Television has changed – and that’s bad news for writers, says ‘The Wire’ creator : NPR
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It’s been more than three weeks since Hollywood writers went on strike, sending late-night comedy shows and soap operas to reruns, while scripted shows with longer runtimes are primed to feel the effects. walkouts.
David Simon, who created shows like Thread And Tremesays many of the fundamental issues that led to the 2007 writers’ strike are at play here, such as how technology is reshaping the profession.
“They’re telling us now, ‘We don’t know what AI is; we don’t know how good it’s going to be; don’t dispute what AI can and can’t do,'” he. “They did the same thing in 2007 when it was streaming.”
Simon is a member of the Writers Guild of America’s negotiating committee, which until the start of the strike this month was negotiating with the studios for a new contract.
In a statement, the Alliance of Motion Picture and Television Producers – which negotiates on behalf of the studios – says it has offered “generous compensation increases” to screenwriters. He calls some of their proposals “inconsistent with the creative nature” of the industry.
But Simon argues that the nature of the industry has changed. He says studios are hiring screenwriters for shorter contracts. “You can’t live on three weeks’ salary. That’s what’s happening now,” he says.
“When I arrived Homicide, a network show that had 22 episodes, I had 30 weeks of employment. I can live off this. I can have a career. I can seriously consider writing for television for a living.”
“I’m now offering writers what’s available on these shows at short notice – I can’t support them.”
And in an interview with NPR’s Ari Shapiro, Simon says that’s a far cry from his experience when he started writing for television.
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This interview has been lightly edited for length and clarity.
On the power of writers’ rooms
I grew up with a mentor. Tom Fontana hired me to write for the show Homicide, based on a book I wrote in Baltimore. He thought there was a threshold of creativity that… resulted from you having a group of writers in a room to talk and discuss material and improve scripts.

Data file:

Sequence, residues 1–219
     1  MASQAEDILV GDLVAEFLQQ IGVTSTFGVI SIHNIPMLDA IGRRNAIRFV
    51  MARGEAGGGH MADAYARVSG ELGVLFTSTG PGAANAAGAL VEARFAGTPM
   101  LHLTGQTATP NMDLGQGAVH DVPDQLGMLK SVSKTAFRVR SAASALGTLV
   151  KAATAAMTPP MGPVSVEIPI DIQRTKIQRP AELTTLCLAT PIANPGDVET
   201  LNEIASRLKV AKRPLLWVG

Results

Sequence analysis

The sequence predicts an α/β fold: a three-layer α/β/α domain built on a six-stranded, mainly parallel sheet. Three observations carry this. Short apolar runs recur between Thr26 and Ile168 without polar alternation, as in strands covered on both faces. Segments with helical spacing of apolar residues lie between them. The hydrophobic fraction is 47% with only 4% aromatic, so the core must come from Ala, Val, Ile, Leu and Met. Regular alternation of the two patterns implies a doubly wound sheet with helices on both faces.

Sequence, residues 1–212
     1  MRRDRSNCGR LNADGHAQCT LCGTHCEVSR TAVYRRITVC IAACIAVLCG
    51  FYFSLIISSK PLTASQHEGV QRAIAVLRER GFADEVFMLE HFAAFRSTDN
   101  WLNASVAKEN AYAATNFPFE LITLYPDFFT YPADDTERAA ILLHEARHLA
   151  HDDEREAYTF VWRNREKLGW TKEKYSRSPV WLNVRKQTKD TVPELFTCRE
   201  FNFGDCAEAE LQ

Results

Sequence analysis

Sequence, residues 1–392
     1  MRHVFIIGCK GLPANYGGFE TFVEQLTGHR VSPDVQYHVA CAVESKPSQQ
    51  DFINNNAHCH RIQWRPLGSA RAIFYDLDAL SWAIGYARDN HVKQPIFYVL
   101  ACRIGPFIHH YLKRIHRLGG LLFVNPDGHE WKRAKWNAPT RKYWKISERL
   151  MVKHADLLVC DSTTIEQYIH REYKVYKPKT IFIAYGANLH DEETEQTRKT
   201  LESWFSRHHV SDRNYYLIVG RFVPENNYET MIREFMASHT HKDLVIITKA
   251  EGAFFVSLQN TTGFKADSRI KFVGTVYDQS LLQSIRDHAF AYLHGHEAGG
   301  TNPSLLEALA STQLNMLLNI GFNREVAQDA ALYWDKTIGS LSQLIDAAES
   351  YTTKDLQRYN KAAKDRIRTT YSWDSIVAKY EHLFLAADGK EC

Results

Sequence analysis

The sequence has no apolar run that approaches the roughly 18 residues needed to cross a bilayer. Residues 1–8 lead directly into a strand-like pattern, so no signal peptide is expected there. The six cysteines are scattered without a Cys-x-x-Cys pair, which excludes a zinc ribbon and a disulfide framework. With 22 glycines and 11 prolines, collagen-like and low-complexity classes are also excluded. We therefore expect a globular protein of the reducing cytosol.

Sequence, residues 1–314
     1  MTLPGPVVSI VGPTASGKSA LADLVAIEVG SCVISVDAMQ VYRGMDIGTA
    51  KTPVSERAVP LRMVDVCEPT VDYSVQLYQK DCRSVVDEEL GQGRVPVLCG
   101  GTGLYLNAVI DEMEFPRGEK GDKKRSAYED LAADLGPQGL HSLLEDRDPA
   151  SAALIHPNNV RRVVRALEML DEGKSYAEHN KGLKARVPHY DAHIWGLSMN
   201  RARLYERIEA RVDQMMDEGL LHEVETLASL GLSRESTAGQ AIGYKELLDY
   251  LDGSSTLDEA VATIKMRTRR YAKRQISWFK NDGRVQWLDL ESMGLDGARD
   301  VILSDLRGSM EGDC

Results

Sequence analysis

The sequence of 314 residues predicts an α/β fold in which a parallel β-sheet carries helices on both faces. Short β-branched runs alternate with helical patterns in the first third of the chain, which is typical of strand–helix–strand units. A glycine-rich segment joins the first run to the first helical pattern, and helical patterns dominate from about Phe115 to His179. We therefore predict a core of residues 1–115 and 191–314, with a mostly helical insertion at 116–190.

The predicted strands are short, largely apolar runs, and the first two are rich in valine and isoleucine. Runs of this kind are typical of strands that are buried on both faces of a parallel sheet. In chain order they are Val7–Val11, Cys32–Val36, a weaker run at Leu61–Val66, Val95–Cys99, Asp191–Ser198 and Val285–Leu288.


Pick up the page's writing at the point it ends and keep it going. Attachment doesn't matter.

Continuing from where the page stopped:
So I walked into a writer’s room. And not only did I have the benefit of writers who had more experience than me… but Tom did other things. He sent me on set and to protect the script on set. He sent me to the casting. He sent me, when I was ready, he sent me to the edit. These things made me realize what you need to do to write competently and even, you know, write advanced for television.
Why a “Term Job” Would Lead to Better TV
It’s saying, look, hire people for a while to do the work, then have them there on set and then in the edit, when the writing is in progress. Some of the most basic writing decisions involve editing or re-conceptualizing a scene because you’ve lost a location or an actor is struggling with a line. It’s the writer’s job, and we do it on set. And that is why television has been able to reach the level of sophistication that it has reached.
On AI’s failure to mimic human storytelling
I don’t think AI can remotely challenge what writers do on a fundamentally creative level… If that’s where this industry is going, it’s going to infantilize itself. We’re all going to be watching things we’ve seen before, only to be worse.
I mean, if a writer wants to play around with AI as a writer and see if it helps them, I mean, I consider that to be no different than having a thesaurus or a dictionary on his desk or a quote book. Play with it. If that’s starting to lead the way in the sense that a studio exec comes up to you and says, “AI gave us this story we want,” that’s not why I got into the narration. And that’s not where I’ll stay if that’s the story.